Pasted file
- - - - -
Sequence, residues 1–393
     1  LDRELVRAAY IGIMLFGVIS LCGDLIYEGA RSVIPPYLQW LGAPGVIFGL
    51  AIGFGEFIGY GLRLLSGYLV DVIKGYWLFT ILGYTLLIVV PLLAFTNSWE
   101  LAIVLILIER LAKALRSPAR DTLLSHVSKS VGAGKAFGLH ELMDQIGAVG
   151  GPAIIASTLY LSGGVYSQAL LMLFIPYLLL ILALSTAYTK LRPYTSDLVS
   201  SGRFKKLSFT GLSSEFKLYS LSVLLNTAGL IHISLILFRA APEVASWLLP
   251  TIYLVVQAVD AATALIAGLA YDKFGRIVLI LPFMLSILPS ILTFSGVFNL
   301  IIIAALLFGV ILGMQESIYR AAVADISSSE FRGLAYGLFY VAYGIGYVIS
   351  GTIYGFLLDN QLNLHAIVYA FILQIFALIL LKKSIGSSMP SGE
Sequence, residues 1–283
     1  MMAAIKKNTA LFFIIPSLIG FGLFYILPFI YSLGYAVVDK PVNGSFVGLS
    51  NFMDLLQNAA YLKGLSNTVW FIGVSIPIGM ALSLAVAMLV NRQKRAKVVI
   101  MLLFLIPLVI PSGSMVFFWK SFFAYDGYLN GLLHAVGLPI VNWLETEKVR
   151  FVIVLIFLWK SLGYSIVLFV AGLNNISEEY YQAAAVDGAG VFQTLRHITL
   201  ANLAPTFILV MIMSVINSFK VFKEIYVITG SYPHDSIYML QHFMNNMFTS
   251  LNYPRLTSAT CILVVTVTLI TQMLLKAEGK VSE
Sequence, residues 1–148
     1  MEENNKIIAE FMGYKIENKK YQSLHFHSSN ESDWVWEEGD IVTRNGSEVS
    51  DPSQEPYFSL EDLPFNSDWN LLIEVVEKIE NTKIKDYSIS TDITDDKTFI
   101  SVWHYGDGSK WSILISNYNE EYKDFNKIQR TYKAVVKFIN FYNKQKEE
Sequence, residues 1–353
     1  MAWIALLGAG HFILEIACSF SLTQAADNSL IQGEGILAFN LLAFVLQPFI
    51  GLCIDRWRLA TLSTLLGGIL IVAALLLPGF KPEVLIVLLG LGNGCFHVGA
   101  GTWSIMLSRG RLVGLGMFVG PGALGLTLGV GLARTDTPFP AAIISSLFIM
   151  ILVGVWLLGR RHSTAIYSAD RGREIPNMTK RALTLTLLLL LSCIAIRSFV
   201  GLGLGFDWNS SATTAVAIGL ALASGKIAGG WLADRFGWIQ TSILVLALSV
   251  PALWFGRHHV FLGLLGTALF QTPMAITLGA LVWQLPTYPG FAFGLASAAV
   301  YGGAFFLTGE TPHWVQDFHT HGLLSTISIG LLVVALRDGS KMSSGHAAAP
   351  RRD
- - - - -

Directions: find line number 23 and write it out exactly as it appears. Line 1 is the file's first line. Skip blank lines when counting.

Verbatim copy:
    51  GLCIDRWRLA TLSTLLGGIL IVAALLLPGF KPEVLIVLLG LGNGCFHVGA